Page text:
Bear Trap: Cal upsets Stanford at the Pac-12 Tournament again, wins 76-58

By Morris Phillips

At some point during Cal’s unprecedented 10-day break bridging the regular season and the Pac-12 Tournament, some teaching went on.

Coach Mark Fox, mindful of his team’s glaring defensive deficiencies, got demanding. Fox taught, the players learned, physicality was introduced, and at some point knowledge turned to belief for the conference’s lowest-seeded team.

“A teacher is only a good teacher if the students learn,” Fox said. “And obviously I did a terrible job of teaching our defense this year because it’s been awful. Tonight is what it should look like all the time.”

On Wednesday night in Las Vegas, Stanford found out first hand what had been learned in Berkeley. In a stunning reversal, Cal shut down the Cardinal on the interior, and answered two, lopsided losses to their rival with a wire-to-wire 76-58 upset win.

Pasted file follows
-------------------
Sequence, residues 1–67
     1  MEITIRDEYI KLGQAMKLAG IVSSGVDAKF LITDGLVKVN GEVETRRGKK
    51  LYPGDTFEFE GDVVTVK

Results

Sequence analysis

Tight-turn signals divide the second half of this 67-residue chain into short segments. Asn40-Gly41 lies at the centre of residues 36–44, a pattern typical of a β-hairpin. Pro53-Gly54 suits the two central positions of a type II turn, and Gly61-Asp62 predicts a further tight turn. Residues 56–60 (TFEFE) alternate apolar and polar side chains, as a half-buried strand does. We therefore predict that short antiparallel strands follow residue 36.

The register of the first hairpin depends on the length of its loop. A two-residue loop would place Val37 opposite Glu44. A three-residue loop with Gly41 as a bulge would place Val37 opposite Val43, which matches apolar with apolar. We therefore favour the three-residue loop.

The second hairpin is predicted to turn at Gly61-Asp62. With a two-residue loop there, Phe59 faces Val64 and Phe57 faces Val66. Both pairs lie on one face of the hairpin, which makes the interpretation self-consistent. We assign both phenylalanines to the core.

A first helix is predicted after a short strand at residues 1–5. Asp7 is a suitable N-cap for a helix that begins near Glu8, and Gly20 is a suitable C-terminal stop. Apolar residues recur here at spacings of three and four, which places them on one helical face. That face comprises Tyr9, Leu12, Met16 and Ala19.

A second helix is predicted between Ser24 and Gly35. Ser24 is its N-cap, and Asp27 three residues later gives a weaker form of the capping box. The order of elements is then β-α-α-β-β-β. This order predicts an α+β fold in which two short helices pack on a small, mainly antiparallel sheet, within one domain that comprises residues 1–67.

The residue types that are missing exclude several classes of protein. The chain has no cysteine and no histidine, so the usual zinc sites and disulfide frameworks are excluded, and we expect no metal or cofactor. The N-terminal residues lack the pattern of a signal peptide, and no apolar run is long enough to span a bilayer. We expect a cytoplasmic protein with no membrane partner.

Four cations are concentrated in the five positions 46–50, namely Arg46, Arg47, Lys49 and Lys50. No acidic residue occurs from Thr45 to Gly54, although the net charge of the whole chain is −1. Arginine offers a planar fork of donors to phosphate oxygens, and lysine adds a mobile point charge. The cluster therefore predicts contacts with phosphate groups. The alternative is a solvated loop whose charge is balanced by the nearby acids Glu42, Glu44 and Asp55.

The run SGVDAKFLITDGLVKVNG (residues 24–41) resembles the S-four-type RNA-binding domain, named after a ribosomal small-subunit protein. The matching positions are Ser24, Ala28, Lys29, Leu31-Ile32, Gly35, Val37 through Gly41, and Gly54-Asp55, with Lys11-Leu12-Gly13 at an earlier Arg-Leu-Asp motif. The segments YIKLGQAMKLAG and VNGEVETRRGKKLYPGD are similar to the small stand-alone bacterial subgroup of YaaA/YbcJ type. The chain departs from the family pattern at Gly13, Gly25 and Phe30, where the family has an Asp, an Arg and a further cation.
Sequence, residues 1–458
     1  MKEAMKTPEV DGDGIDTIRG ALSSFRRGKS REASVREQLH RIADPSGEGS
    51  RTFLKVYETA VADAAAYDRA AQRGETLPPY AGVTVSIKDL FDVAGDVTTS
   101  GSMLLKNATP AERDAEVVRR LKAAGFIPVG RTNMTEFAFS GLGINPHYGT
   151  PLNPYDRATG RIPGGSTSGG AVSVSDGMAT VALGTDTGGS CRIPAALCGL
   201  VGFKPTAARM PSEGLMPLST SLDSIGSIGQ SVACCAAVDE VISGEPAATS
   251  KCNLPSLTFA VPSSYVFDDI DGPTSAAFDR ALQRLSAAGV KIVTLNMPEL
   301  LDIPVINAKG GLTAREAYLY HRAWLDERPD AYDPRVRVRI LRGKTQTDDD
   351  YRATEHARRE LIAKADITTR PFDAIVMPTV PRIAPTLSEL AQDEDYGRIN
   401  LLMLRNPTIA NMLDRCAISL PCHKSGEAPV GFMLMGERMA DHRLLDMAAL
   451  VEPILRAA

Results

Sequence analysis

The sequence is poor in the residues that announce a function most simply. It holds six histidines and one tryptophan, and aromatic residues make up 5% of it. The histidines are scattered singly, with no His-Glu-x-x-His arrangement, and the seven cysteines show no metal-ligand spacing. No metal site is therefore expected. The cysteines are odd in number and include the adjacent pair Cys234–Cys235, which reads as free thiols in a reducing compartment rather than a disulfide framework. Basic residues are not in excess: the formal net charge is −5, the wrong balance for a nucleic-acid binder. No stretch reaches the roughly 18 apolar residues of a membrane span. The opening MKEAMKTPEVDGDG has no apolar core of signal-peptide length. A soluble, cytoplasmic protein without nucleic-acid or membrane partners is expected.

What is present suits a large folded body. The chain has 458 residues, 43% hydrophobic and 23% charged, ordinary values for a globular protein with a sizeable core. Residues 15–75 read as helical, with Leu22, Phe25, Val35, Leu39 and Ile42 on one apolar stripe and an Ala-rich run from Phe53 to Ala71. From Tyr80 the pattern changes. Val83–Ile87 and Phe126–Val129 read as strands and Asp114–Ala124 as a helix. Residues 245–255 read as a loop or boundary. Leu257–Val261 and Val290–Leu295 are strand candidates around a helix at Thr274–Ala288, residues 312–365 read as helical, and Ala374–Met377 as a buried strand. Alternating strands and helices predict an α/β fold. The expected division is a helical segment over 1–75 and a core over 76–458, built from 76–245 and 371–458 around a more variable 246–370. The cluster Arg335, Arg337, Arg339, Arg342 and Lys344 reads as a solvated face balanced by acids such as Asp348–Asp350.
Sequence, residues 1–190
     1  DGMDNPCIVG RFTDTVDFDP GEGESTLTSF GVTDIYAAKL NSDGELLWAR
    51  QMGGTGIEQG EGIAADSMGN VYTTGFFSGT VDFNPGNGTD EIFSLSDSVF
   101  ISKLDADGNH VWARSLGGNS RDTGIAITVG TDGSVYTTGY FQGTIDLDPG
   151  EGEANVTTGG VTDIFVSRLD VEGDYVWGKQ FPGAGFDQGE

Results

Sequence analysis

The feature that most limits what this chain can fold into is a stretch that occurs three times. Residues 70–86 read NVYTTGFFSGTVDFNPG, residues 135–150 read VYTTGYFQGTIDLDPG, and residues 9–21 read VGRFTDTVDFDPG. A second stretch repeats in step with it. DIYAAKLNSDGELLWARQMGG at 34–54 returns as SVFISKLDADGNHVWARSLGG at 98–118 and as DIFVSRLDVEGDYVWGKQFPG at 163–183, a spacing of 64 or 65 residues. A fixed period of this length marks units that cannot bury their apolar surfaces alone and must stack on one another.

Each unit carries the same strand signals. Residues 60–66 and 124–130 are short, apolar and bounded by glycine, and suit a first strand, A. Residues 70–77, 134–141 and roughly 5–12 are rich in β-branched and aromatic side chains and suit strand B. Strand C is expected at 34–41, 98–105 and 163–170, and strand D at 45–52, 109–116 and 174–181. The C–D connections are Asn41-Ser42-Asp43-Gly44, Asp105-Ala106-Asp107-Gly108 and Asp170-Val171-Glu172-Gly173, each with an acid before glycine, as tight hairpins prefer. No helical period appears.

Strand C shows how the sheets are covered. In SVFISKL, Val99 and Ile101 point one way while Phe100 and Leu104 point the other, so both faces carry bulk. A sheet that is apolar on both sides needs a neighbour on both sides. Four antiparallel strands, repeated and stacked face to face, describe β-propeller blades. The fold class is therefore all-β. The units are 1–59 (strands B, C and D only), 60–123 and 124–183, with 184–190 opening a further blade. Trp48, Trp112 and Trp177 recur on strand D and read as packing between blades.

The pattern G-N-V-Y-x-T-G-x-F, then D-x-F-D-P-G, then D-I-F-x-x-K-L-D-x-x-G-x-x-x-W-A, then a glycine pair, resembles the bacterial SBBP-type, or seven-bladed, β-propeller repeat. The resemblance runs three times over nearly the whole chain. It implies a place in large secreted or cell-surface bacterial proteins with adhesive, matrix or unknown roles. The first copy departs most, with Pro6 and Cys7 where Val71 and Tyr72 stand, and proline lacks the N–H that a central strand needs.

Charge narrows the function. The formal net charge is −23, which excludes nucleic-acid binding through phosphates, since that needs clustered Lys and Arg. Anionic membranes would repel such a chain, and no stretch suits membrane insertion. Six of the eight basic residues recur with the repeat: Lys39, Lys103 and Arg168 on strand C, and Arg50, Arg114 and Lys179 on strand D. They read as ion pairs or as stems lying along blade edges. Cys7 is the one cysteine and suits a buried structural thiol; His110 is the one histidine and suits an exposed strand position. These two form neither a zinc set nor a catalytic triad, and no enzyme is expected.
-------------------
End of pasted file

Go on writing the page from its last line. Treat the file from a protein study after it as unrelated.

The 11th-seeded Bears (their lowest seeding ever in the Pac-12 Tournament) controlled the glass, didn’t get burned in the paint, then coupled that with a patient, and efficient offensive showing that was easily their best in a disjointed season that saw them lose 19 games. After Stanford ate Cal alive in the paint to the tune of 84 points combined in the two regular season meetings, the Bears muscled up and pushed back.

“We didn’t rebound it very well the early part of February, and slowly our rebound numbers have been improving,” Fox said of Cal’s 31-22 edge on the glass. “They bought into it, and I thought it carried over to the game today. We played very physical on the backboards today.”